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Create at least two iconic wide shots of each Frankenstein Monster for the poster— plus individual portraits and portraits of both Monsters together for a social media campaign.
As always-- I wanted to create images with high contrast for easy visibility on small screens and social media-- and lots of negative space for the designers to add title, text, logos, major donors, etc.
_______About My Approach:
My promotional theater photography is based in portraiture. I've been a performer most of my life-- so as a photographer I like to create unexpected moments through play and experimentation.
Most often, I only have actors for a short amount of time— usually a half an hour-- so I have to move quickly to create useful and compelling images that capture the essence of the show. I give a starting action, and push us all fast and loud to make as many surprises as possible. The less thinking-- the better.
Having no time has taught me to quickly eliminate what's unnecessary-- and to work quickly to get to the strongest moment. Too much time to shoot— leaves too much opportunity to think, to doubt. Just as in performance, the less time I have, the faster my terror (of failing) will make me see what's really compelling.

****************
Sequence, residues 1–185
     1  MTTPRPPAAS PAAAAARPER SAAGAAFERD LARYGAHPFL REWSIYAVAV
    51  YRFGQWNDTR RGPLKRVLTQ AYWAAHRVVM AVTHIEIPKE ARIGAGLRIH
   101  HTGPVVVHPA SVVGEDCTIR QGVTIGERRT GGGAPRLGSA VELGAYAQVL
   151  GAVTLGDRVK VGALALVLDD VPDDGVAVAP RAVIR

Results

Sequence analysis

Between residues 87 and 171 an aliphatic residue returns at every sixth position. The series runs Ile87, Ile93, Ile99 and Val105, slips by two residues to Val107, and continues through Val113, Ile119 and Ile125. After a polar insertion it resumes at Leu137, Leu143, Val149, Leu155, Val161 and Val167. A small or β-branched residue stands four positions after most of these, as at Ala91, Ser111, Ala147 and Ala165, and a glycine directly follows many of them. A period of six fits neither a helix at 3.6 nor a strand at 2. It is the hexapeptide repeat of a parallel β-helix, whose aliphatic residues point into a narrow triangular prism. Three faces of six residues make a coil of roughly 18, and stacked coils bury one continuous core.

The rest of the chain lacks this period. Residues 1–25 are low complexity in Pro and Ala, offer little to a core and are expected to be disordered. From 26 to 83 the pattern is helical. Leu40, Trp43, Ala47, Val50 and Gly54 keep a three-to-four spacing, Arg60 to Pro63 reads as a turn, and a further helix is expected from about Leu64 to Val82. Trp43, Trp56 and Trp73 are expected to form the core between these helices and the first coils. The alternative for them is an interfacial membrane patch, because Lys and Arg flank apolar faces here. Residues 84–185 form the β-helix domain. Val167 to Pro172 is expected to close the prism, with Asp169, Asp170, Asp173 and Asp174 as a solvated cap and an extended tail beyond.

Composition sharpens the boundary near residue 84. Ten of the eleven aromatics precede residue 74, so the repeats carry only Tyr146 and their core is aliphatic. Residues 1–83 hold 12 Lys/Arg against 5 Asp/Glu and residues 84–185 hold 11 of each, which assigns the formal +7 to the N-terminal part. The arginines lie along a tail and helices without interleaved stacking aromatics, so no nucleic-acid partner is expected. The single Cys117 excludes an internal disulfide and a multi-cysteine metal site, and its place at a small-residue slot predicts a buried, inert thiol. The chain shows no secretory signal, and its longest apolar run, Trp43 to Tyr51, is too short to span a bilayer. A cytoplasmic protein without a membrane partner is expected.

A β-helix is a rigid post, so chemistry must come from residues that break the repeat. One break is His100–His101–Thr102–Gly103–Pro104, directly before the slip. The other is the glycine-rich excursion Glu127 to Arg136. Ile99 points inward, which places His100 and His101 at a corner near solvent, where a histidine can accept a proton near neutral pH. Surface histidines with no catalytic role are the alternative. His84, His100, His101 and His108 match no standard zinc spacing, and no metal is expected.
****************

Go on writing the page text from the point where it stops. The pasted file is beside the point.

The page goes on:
_______About the Frankenstein Shoot:
This is my third time working with Remy Bumppo-- a vanguard Chicago theater. And-- since their audience expects more challenging shows-- I have more freedom to create more stylistically edgy images.
The show is double cast-- with Nick Sandys (the Artistic Director of Remy Bumppo) and Greg Matthew Anderson alternating the part of the Monster on different nights. Greg's Monster will be played as more vulnerable-- Nick's more threatening and agressive.
For the poster image-- I wanted to use one, harsh, damning search light. I asked Greg and Nick to explore the limits of 1920’s silent film physicality. Alfred Schnittke’s “Faust Cantata” blasted as loud as my 1970’s speakers could go.
It's no hyperbole to say that Nick and Greg are fearless. They both went farther physically and emotionally than I could have hoped-- by a factor of 10. Their movements, simultaneously animal-- and precise. If I'd planned for a week-- I’d never gotten the composition of any of these images this comfortable. Human and shadow where they want to be, rather than where I forced them to go.
Mackenzie, the Marketing Director-- has told me she's extremely happy. And-- the theater will be using more images than they'd planned for all materials.
This series won Second Place | Series of Images | Best of ASMP 2018 Photo Contest.